Because the three students came to the United States from different countries, their experience and perception of their education varies. 

For Vasireddy and Qamhiyeh, the non-clinical classroom experiences are not unlike their first pass through school. “A large part of the didactic curriculum feels like a revision of classes I took the first time around,” explained Qamhiyeh. 

On the other hand, the more hands-on clinical experiences are new, and they’re embracing the new style of learning. Vasireddy enjoys the variety of perspectives she receives in clinical experiences. “I feel like I learn something new every day,” she explained. “We have a lot of faculty from different countries who have gone through residency and licensure here, so they teach us what they learn, too.”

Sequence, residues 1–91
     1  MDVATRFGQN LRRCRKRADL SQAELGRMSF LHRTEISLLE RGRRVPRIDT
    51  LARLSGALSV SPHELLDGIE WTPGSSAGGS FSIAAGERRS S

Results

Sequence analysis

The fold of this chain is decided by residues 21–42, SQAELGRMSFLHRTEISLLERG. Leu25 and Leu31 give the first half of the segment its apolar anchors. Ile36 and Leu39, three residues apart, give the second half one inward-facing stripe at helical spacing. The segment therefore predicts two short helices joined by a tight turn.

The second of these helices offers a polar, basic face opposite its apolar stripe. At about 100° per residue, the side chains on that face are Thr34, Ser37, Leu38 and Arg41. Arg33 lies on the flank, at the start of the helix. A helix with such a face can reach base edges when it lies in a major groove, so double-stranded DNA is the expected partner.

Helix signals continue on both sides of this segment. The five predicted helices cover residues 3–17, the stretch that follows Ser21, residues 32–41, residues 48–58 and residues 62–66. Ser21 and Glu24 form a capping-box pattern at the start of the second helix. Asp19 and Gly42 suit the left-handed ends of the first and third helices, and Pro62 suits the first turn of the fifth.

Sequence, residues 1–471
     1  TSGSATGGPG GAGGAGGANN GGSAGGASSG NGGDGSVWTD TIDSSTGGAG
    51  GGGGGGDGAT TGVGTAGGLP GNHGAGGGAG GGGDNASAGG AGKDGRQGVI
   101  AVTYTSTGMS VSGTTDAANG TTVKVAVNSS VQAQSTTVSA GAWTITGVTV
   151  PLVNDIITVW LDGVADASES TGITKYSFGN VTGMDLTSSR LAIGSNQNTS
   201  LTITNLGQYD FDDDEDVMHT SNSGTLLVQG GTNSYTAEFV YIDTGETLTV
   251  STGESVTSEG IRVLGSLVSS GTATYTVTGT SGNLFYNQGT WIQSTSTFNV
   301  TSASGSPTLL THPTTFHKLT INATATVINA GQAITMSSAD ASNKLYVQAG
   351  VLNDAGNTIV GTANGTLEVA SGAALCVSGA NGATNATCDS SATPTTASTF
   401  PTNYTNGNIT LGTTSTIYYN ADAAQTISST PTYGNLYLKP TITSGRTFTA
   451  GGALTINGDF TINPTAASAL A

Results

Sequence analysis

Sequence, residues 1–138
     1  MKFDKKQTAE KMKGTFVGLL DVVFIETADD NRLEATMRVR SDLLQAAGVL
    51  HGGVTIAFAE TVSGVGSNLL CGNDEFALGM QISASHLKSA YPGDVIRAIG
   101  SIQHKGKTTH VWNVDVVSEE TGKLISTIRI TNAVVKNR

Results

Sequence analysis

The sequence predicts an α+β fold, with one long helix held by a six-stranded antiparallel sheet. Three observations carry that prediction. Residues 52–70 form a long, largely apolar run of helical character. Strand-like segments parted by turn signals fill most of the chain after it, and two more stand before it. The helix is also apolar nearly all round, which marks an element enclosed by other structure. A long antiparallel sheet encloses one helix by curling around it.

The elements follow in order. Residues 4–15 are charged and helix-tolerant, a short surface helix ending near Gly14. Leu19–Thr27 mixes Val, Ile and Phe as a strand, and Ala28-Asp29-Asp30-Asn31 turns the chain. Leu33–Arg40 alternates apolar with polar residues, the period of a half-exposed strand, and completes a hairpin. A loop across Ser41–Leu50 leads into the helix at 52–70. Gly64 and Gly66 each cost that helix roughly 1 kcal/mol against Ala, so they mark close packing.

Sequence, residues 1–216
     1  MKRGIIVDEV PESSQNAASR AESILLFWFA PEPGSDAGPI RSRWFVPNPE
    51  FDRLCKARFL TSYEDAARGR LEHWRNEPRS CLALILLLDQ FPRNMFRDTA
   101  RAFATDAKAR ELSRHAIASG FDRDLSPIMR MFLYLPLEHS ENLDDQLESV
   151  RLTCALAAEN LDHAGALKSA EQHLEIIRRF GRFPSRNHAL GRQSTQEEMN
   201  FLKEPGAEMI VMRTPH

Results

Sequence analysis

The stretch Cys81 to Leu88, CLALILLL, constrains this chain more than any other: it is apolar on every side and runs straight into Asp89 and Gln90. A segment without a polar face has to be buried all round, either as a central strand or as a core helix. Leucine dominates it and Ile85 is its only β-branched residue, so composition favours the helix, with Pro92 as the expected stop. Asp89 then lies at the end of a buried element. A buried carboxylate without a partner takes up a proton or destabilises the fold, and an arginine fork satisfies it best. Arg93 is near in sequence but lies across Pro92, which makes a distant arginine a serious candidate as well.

Addoh sees the program as “like having several months of continuing education: the enhancement of my skills and knowledge, and an opportunity to take advantage of a well-supervised environment which will enable me to provide the best care for my patients.” She reaffirmed Vasireddy and Qamhiyeh’s assertion that they’re learning every day, and that each day presents an opportunity to see the unique and particular situation of each individual client.  

Embracing their experience, giving back.

In addition to their busy lives and their intensive study in the PASS program, Addoh, Vasireddy, and Qamhiyeh have all volunteered and served as tutors for pre-clinical students. The three see it as a way to use the experience they already have and help students in a situation in which they once found themselves.